A deep dive into bovine dentition

Cows, along with all other ruminant animals like sheep, goats, deer, etc., do not have canine teeth. Instead, they possess a highly specialized dentition adapted for efficiently grazing on and grinding tough plant material. Here’s an in-depth look at the components of a cow’s teeth and how they function:

Types of teeth

Cows have 32 permanent adult teeth that are organized into 4 types, each with specialized roles:


  • Number – Cows have a total of 8 incisor teeth, located along the bottom front of the mouth.
  • Appearance – The incisors have a wide, thick and flat surface. The outer enamel layer is extremely hard and durable.
  • Purpose – The incisors act like blades to cleanly bite off and shear mouthfuls of grass and hay. Their width allows them to grip and tear off plant matter.


  • Number – Behind the incisors, cows have 6 premolars both on the upper and lower jaws, for a total of 12 premolars.
  • Appearance – Premolars have ridged surfaces running across them, designed for grinding. They may also have small pointed cusps.
  • Purpose – The premolars tear and cut plant material grasped by incisors. Their ridges help grind food on its way to the molars.


  • Number – Cows have a total of 12 large molars, with 6 on each the upper and lower jaws. They are located furthest back in the mouth.
  • Appearance – Molars have broad ridged surfaces for grinding, with complex folds of enamel. The ridges are sharper in younger cows and gradually wear down.
  • Purpose – Molars are the primary grinding teeth. Their ridges facilitate breakdown of coarse plant matter and release nutrients by mechanical and chemical digestion.

No canines

Cows completely lack upper and lower canine teeth altogether. There are no canines in front of the premolars where they could aid in killing and tearing prey.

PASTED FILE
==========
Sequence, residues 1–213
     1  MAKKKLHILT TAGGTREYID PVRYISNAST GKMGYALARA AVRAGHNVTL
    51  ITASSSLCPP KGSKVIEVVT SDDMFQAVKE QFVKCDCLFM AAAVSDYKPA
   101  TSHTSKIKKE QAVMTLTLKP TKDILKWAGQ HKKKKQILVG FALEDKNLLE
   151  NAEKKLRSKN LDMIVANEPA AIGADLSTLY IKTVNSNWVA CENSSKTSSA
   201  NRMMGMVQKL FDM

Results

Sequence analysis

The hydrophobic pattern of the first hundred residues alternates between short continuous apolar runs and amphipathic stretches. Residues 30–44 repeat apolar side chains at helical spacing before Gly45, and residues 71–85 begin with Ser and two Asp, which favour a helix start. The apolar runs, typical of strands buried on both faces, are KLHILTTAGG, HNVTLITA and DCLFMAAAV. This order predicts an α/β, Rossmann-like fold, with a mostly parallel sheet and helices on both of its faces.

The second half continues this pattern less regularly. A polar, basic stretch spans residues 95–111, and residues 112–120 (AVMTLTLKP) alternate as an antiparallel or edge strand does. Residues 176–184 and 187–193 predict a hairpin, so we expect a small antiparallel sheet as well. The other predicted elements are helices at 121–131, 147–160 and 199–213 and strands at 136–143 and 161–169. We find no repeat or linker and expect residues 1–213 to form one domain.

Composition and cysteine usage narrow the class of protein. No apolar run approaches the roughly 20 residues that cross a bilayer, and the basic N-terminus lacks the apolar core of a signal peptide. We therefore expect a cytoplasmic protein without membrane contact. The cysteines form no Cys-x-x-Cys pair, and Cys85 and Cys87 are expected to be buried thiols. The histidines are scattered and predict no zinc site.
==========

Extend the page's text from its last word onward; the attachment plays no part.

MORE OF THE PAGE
Replacement schedule

Cows have a specialized tooth replacement timeline:

  • Calves are born completely toothless. Their gums are covered by a tough pad.
  • The first set of temporary deciduous teeth start emerging through the gums at 2-4 weeks old.
  • By 6-8 weeks of age, calves have a full set of 20 deciduous teeth – 8 incisors and 6 premolars on each jaw.
  • Around age 2, the larger permanent incisors and premolars start replacing the smaller deciduous versions from the front.
  • The large permanent molars emerge alongside the new premolars between ages 2-3 years.
  • By age 5, the full adult set of 32 teeth have erupted through the gums and are in use.
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This timeline allows calves to transition from nursing to grazing and ruminating seamlessly. The temporary teeth help them sample green grass and hay, while the adult teeth take over grinding tough vegetation efficiently.

Why cows don’t need canines?

Why cows don't need canines

Given their specialized grazing and grinding teeth, here are some of the top reasons why cows have no biological requirement for canine teeth:

Herbivorous diet

  • As obligate herbivores, cows feed exclusively on fibrous plant materials like grasses, hay, silage, grains and crop residues. They have no need to capture or kill prey.
  • Without meat or carrion in their diet, cows do not need to tear or puncture flesh, a job that canines perform in carnivores.
  • Their food can be adequately gripped and sheared off by the incisors before being processed by premolars and molars.

Grazing and rumination adaptations

  • Cows utilize their nimble tongue and lower incisors to selectively bite off and grasp clumps of grass while grazing. Canines would not help grip grass.
  • During rumination, cows regurgitate cud from their stomach to chew again using their molars. Canines would have no role in this process.

Peaceful temperament

  • Cows are passive, non-aggressive animals. Even mothers defending calves use their heads more than teeth for pushing or butting.
  • They do not have territorial fights where canines could help deliver dangerous biting injuries. Dominance is established through non-violent behavior.

Head and mouth structure

  • A cow’s large, broad mouth is ideal for bulk grazing and grinding. It would be less efficient if obstructed by long canines.
  • Since cows do not hunt prey, their head is more optimized for horizontal grazing as opposed to a vertical biting attack angle in carnivores.